In the first place, no call for a referendum specifically was 'demanded'. Indeed, even the idea that a pending decision by the arbiter is itself impetus enough for action is hard to swallow.

      All that we are left with then is a possible need for some action to be taken - a point which will be moot if the arbiter sides with the city or an appeal to a judge overrules a finding against the city. And if action is then needed, lets leave it in the hands of the person who just won the election by promising police reform and has publicly said that the residency requirement is on the table in those negotiations. Why allow voters the possibility of denying Peduto his bargaining chip? What possible good is served by putting that in the hands of the voters that couldn't be achieved through more traditional means?

      The more I follow Burgess's office the more I see hamfisted attempts at playing politics when it is principles that should be in play. Calls go unanswered and unrerturned from that office. The Reverend is supercilious and dismissive and expects respect that he doesn't deign to return. My original remarks were at least qualified by my admission of cynicism, if that is a gift you are unwilling to accept let me put it in clearer terms. A clear eyed and objective assessment of that office suggests politics comes first, and contempt for outside ideas is the order of the day.

  4. In re: a recent police abuse case, for some folks, it's always something ...

  5. Does not the Rev. Ricky have 3 full time jobs?
    He puts it out there and then smuggly, snarly say's "I am all about everyone, all the time"
    I hope Bill Peduto crushes him like a bug!

  6. I haven't seen any statistics as yet.
    How many police live outside the city? 100%? 50%? 10%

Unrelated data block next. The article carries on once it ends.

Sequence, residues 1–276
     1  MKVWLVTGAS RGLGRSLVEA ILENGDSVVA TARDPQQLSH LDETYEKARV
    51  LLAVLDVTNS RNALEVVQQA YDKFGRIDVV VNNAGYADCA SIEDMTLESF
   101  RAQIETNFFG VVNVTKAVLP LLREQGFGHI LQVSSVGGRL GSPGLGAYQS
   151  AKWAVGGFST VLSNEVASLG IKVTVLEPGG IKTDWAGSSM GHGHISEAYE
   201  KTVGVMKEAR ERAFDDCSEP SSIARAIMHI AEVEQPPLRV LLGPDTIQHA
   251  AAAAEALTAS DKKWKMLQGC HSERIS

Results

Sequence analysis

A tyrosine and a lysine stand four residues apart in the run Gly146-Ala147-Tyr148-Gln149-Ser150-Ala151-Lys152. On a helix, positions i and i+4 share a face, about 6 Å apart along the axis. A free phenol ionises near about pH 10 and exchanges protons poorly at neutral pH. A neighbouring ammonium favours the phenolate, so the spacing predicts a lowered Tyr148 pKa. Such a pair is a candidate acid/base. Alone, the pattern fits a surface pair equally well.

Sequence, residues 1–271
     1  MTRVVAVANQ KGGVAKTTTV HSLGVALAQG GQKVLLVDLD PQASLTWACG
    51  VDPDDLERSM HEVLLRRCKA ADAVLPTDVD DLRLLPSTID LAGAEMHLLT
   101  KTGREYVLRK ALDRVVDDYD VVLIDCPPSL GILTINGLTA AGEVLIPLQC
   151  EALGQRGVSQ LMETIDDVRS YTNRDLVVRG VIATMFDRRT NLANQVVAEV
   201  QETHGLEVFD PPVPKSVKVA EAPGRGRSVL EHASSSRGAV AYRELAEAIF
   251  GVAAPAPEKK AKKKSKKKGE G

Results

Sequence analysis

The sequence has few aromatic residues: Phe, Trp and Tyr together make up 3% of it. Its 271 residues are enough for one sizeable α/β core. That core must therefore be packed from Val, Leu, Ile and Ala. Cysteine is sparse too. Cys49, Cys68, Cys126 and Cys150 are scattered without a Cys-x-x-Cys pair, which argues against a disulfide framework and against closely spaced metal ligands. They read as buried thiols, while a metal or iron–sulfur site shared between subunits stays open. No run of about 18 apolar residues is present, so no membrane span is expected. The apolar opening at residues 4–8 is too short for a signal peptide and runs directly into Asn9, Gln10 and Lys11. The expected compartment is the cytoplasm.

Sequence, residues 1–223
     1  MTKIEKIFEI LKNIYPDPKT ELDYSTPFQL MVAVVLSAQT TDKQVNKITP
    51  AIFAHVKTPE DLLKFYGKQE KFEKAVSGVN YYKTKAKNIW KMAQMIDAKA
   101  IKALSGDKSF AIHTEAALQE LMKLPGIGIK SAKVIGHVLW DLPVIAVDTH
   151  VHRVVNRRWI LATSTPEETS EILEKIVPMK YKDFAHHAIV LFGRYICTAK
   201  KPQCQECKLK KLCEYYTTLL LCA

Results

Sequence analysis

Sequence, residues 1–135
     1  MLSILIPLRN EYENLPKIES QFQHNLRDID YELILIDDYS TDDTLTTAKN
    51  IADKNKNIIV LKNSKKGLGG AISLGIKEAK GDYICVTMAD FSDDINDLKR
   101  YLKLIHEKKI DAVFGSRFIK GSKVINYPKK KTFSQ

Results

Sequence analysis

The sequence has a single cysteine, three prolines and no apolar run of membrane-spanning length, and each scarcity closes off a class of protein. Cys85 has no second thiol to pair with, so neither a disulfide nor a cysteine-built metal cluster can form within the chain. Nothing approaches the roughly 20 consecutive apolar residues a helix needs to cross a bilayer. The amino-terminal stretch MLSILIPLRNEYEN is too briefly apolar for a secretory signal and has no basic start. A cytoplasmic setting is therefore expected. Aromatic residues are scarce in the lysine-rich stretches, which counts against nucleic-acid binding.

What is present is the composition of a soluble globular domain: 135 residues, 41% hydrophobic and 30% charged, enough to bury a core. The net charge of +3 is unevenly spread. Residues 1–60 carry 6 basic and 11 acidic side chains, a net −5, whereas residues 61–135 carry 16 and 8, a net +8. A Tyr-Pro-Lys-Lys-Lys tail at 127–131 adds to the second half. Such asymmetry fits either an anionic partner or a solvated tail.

What exactly are we talking about? At what point do we have "too many" cops living elsewhere? Bearing in mind that in life nothing is 0% or 100%.

  7. I have never seen more of a snarky shill for Peduto than this post. Is the Peduto camp already using the Ravenstahl playbook to blame everything that anyone does who isn't on their team as interfering? Is everything that anyone does that isn't on the team bad and therefore the Peduto team must take the opposite position? Since when did anyone in the progressive camp ever think it was a good idea for cops to live outside the City until now?

    1. Surely you have seen shills more snarky than this.

  8. Bram,

    The problem, as I see it, is no one here in your comments section has actually taken the matter up on its merit.

    For those who disagree with what Reverend Burgess is attempting, I think you would find him open to suggestion, as long as that suggestion isn't grounded in "Well, let's just wait and see..."

    If there is a better immediate alternative, please feel free to view this as an opportune moment to share.

    Anon 12:20 and presumably also 3:30:

    Your remarks *might* be considered qualified by your declaration of cynicism, but mine are qualified by the fact that I chose to attach my identity to mine.

    If there is a better short-term option, then you should either a.) Put it up for public discussion; or b.) Execute said better option.

    To suggest that Rev should just sit back and whistle a happy tune while major issues, issues of major import for the people he represents play out around him simply because you dislike the Reverend or think he should go sit down somewhere is ridiculous.